Your blog inspired me to travel around the world,
    Hope someday you’ll traveling to my beautiful country “Indonesia” :)
    Trisia´s last [type] ..IndoPROGRESS Jalan Teguh Sang Pemimpin

  6. Molly says:

    Laura – finally got a chance to read this post. It’s beautiful and you’re an amazing writer. Agree, book or documentary or something – to help give us all the little reminders of how lucky we are. Your journey was amazing, and I’m so proud of you and Ryan for making it happen. Hope to see you soon!

  7. Brianna says:

    Last summer I happened to pick up a newspaper at Carl’s Burgers in St. Louis and read an article about you two traveling around the world. I just wanted to say that your trip has been a personal inspiration for me. Almost weekly I read to see what new adventures you had explored. Thanks for letting me travel along with you. I’m sad to see that it’s over but hopefully now I’ll get to do some traveling of my own. P.S. I’d buy your book

  8. Andrea says:

    So happy to hear you’re back – perhaps not totally back in mind and spirit, but safe and sound. Thanks to the both of you for sharing such an amazing experience. Each time I read your passages, I felt thankful, reflective and inspired. I’ll miss hearing of your adventures. But, you have one of the biggest ones ahead – how you’ll take what you’ve learned and transform your life journeys. That’s exciting! Can’t wait to hear more! If not a book, you should definitely consider s show on the Travel Channel ;-)

  9. roundwego says:

    I’m overwhelmed and truly humbled by the support and encouragement….So much in fact it’s taken me a week to respond! Not sure what the next step is in our journey but these words go a long way. I’ll need them in these moments of uncertainty to help us continue to appreciate the adventure behind and ahead.

    Thank you, all. I appreciate it immensely.

  10. Greer says:

    Laura-Have so enjoyed being able to see your journey around the world on this fantastic blog. The photo of you guys on the lounge chair in Zanzibar is just beautiful…aren’t you glad to live in the digital age? Otherwise you would be lugging hundreds of pounds of film around:) Can’t wait to see what you guys do next…

  11. Thi says:

    i whole-heartedly agree with everyone else. you should write a boooooooooook! maybe it’ll break my personal streak of illiteracy.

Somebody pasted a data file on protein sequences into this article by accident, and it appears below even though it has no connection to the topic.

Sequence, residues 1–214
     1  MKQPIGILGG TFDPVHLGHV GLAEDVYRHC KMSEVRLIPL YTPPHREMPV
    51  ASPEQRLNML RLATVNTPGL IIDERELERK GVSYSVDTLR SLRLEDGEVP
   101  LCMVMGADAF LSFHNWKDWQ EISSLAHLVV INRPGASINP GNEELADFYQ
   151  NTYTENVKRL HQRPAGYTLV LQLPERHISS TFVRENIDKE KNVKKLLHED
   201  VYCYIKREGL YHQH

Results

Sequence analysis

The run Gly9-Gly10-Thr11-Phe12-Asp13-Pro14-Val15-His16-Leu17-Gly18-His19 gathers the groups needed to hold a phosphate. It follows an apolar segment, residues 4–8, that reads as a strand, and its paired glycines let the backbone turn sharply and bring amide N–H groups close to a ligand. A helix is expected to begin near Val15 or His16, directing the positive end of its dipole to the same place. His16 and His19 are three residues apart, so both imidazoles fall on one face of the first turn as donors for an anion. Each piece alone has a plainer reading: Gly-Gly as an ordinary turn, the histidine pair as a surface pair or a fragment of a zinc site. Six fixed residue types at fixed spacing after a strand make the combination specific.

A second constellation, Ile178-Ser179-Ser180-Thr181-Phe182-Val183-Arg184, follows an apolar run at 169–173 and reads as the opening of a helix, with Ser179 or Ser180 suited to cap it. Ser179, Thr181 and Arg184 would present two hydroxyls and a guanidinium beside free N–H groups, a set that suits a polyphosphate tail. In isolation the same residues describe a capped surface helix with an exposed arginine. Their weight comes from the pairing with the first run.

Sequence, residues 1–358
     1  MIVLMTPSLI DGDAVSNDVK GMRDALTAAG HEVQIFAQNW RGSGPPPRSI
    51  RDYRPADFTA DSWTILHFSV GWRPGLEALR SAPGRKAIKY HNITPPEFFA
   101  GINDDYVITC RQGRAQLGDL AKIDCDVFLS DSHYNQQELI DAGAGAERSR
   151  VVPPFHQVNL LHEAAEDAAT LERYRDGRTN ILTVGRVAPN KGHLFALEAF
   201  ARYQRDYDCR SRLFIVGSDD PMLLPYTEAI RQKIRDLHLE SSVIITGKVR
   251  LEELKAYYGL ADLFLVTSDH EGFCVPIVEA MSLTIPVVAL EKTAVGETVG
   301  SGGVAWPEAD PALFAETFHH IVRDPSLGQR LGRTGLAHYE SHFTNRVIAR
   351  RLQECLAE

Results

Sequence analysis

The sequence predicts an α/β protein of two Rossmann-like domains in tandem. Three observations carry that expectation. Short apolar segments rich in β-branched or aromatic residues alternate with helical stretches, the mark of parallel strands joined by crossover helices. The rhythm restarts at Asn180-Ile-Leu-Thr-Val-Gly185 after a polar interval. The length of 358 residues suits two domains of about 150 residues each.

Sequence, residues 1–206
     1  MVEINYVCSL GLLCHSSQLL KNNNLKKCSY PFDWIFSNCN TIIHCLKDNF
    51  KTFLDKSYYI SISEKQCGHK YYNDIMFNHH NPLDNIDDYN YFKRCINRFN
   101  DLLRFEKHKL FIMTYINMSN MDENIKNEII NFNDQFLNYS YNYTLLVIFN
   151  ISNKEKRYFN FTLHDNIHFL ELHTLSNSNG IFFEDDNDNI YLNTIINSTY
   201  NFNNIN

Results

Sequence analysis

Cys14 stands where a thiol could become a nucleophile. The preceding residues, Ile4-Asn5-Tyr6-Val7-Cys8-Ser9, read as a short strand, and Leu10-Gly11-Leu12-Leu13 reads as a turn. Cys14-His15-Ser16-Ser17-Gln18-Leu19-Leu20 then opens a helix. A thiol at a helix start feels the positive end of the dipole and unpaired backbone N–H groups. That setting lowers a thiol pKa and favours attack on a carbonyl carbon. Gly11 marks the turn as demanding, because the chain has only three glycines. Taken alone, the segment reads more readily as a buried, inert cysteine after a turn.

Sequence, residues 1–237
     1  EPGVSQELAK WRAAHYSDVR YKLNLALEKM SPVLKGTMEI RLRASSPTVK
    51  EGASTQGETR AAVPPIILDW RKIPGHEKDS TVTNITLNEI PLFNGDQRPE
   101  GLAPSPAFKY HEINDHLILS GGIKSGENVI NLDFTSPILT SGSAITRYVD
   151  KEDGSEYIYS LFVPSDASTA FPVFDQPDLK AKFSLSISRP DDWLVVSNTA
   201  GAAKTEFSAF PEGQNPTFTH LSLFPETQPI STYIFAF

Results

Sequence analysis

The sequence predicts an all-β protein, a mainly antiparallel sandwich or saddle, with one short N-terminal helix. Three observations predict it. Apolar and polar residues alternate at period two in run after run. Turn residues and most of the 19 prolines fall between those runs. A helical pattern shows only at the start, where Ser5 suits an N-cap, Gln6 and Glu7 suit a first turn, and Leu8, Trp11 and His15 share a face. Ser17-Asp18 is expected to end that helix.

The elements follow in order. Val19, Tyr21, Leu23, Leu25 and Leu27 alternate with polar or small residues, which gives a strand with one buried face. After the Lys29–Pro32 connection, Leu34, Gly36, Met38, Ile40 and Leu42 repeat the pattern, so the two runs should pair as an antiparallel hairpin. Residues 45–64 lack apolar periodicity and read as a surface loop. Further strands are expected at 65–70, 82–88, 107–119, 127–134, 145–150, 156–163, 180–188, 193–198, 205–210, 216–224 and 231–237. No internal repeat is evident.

12. Cherie Fuentes says:

    Once again, so beautifully stated! I feel strongly as well that as you search for the answer to “that” question, “what should I do with my life?” you should consider compiling these blogs and videos and write a book and make a documentary film. Just like your experience, your writing is rich, exciting, and powerful. The world would be lucky to have you share it with them:)

  13. Dad says:

    As always, another posting from your heart… and a wonderful summation of the true experience of travel. It opens our eyes as well to those things that we take so much for granted in our daily lives, not realizing how truly blessed we are. Thanks for sharing this with us… and looking forward to more stories and pictures.

  14. Liz says:

    Beautiful post, Laura! I’m so glad you guys took this risk and lived a dream. Not many people do that. I have no doubt you both are better people for it.

    Good luck with the job search. Hopefully you can blend your new self with a steady job you’ll love!

  15. It’s a beautiful writing… I can feel the emotion of coming back home behind it. It makes me feel a little sad thinking that most likely that’s how we’re going to feel too… and we haven’t even left yet!
    Jill – Jack and Jill Travel The World´s last [type] ..Poi and Kirsty from No Place To be — Meet A Traveling Couple

  16. Sarah says:

    What a beautiful article! I love your writing. Perhaps you should begin writing a book? Maybe a novel? A book about your trip? Best of luck in your search!!

  17. sarah fister hanna says:

    I think you should publish a book! You are such a beautiful writer! Good luck with everything!!